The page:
Choosing always involves taking on responsibility and the ability to face and manage the changes that an important decision inevitably entails. In addition, choosing in absolute autonomy allows us to experience, beyond the consequences of choosing (positive or negative), a feeling of freedom and not to experience any kind of regret.
Happiness, success, self-confidence, our mood in general, are the results, the product of our actions, which in turn start from our choices.
The only thing over which we have total control and total responsibility is our choices. Everyone must be educated, as soon as possible, to make their own choices, to take responsibility, and to learn from their mistakes. It’s so that one learns to grow and to manage uncertainty without being overwhelmed by insecurity. It’s so that one learns to improve continuously, without being demoralized before the first, inevitable, frustrations.
Managing companies involves making many choices and making a large number of decisions every day. Business success depends on the right decisions.
Effective decision-making is critical to leadership and the primary function of a good leader, and decision-making models enable leaders to respond to changing market conditions, challenges, and opportunities, to ensure a successful future for their organization. However, nowadays, the increasing speed with which new information circulates, changes in the world of work, and external events make the task of making effective decisions more complicated every day.
Leaders are busy people, with conflicting priorities, and often with a large number of business meetings to attend. This means that their strategic decision-making must be simple and efficient, to maximize their ability to make decisions. Fortunately, functional decision-making models, when paired with technology help leaders to make informed decisions quickly and effectively.
We need to think of corporate decision-making as a crossroads. The road corresponds to the strategy, and the business is the vehicle in which we travel. The opportunity to change our approach based on a specific issue is equivalent to an intersection, which allows us to change the direction of travel or to stay on the existing route.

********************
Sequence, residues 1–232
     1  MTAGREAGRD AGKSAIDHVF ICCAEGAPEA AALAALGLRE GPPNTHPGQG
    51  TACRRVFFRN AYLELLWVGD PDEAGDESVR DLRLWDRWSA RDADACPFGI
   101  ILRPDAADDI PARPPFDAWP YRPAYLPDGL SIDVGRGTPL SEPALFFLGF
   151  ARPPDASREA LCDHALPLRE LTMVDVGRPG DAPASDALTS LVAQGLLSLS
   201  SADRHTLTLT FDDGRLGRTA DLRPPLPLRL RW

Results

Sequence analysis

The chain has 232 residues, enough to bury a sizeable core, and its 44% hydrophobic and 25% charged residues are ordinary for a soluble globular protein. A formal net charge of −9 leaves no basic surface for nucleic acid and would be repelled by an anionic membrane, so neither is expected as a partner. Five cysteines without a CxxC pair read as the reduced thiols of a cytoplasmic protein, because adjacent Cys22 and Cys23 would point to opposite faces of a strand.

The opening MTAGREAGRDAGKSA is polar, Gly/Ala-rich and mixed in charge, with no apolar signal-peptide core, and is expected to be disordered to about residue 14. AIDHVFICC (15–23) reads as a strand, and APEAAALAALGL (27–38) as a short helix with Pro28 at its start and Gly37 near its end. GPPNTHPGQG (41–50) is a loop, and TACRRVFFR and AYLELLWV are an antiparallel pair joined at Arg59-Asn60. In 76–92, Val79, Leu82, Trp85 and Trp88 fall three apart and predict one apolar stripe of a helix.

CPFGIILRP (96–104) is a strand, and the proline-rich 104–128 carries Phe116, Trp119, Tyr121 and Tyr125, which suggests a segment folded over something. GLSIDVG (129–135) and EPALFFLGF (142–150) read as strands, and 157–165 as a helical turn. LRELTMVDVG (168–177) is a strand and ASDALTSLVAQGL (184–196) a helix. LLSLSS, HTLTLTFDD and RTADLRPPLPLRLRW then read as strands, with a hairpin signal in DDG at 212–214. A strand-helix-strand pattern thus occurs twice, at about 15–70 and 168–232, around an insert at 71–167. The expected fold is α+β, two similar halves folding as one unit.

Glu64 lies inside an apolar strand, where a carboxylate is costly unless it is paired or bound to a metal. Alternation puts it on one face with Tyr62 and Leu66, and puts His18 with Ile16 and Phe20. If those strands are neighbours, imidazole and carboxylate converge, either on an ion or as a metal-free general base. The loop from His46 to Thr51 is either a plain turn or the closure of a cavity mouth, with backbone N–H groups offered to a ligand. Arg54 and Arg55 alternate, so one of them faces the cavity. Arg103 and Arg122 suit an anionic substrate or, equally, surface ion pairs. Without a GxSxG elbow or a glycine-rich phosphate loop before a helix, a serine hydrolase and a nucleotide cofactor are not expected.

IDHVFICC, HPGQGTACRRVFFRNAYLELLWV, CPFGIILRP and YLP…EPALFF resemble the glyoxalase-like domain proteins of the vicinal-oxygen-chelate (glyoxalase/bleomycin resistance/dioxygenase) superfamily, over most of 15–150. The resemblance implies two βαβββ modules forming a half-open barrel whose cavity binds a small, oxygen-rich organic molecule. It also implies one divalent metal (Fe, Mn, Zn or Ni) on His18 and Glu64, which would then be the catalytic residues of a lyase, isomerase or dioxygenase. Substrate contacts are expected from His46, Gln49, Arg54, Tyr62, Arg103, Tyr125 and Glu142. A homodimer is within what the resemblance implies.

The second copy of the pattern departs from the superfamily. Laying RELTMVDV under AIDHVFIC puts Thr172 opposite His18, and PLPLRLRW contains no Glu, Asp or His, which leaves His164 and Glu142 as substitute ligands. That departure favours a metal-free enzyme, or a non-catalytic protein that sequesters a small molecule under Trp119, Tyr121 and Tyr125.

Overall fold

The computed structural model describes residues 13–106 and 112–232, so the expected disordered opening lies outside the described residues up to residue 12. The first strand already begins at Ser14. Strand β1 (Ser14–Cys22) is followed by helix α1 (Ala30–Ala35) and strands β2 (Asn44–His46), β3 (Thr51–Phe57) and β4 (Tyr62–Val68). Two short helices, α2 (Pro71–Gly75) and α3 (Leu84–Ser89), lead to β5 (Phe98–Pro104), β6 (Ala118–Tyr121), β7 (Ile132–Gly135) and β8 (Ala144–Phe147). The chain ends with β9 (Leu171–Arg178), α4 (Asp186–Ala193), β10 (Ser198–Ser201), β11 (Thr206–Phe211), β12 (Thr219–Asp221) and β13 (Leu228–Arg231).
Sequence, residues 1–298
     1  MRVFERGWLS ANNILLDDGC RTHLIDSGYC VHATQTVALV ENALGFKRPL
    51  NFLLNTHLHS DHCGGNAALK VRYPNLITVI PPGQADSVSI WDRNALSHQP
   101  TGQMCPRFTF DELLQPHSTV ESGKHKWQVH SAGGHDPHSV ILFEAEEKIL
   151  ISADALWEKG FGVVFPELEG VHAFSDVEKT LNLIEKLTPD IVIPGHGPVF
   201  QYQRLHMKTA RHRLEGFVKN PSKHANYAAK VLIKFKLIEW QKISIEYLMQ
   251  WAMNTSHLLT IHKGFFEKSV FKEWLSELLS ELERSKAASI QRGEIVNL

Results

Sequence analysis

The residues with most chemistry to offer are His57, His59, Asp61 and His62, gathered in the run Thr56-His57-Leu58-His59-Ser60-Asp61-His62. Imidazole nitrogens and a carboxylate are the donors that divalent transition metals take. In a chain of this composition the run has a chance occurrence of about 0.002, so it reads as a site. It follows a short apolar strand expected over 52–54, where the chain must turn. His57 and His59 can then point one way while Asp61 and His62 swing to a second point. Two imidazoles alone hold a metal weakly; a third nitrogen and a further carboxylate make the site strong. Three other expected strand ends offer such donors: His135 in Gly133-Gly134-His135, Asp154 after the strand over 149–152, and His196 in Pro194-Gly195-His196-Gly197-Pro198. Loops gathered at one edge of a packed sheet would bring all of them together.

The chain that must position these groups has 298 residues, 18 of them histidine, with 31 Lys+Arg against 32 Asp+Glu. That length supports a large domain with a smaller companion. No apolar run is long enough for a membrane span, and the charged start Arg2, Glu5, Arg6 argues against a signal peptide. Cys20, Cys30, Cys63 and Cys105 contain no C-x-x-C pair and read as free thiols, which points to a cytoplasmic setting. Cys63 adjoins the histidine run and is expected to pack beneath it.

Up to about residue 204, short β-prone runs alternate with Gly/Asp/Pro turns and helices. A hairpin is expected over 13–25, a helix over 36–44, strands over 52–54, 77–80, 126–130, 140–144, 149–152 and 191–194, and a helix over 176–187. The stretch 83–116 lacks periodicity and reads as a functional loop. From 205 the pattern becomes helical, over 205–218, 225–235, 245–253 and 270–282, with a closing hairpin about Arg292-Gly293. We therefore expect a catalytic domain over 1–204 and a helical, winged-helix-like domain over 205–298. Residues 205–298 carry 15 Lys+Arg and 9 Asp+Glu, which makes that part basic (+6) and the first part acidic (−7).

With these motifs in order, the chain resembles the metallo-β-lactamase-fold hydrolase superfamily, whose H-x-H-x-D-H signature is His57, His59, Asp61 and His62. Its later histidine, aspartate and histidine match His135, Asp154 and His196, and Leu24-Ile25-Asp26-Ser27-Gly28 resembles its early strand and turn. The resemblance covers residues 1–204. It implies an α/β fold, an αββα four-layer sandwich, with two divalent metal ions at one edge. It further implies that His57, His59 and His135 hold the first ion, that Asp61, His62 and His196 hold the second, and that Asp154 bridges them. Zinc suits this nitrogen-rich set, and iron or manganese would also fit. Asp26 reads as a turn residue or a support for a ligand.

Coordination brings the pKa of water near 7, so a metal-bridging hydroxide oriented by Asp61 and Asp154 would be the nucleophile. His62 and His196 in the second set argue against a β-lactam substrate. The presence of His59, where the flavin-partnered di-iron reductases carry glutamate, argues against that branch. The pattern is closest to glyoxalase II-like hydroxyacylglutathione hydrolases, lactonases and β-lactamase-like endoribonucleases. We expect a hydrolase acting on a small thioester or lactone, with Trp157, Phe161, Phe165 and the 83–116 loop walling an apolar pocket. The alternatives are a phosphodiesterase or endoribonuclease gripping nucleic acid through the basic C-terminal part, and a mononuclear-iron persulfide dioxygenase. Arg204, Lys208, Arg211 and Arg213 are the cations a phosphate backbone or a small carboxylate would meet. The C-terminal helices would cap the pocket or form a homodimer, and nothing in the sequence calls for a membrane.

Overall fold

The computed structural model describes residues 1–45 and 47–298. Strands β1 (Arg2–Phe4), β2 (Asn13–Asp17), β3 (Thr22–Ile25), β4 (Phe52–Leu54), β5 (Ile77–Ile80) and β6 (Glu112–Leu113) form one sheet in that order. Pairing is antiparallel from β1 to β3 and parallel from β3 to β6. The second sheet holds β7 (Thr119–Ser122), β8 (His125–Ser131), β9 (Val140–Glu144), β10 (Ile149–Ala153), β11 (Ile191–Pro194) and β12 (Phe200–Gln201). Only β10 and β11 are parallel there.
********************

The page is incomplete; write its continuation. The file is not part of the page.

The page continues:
A clear example is the recent development of the COVID-19 pandemic: an external event, of enormous magnitude, created a series of crossroads for leaders, who had to take urgent decisions and action. The end result of the decision-making process is to chart the correct direction for the future of the organization. At each intersection, you can decide to continue on the existing road, or choose to turn and proceed in a completely new direction.
This all sounds simple enough, but what we need to recognize is that for most businesses, there is often more than one crossroads to consider at one time, with numerous decisions to make. This problem is accentuated by the increasingly interconnected nature of the world of work, with faster information flows requiring more accurate decisions. Especially for those companies that operate globally.
When, then, generational changes intervene, new values are even called into question and new expectations are created. Leadership must adapt to remain effective. As the business world embraces new technologies and agile ways of working, leaders must be agile in order to be able to adapt.
Agile leadership involves openness, trust, and a horizontal organizational hierarchy, which allows industry experts to use their skills as effectively as possible.
As a result, the decision-making process has undergone significant changes: it now involves a much more democratic process, involving subject matter experts regardless of their status or title. Decision-making is no longer the sole responsibility of leaders but has become the responsibility of the entire workforce, especially with regards to consensual decision making, in which teams make decisions as a collective.
It is therefore of fundamental importance to organize any company in the most suitable way to make good decisions and make the right choices in an ever-changing and increasingly complex context. In fact, the uncertainty of the real world does not in itself affect the ability of companies to make good decisions. What matters to companies is having the right elements that influence decisions: people, processes, and systems.
There are some more relevant aspects to take into account in order to gear up and make good decisions.
The way in which decisions are made, for example, is a fundamental aspect. In this regard, from my point of view, it is interesting to analyze the men who are decisive in the decision-making process within the corporate world, with their thinking, values, prejudices, or with the stroke of genius of the best entrepreneurs.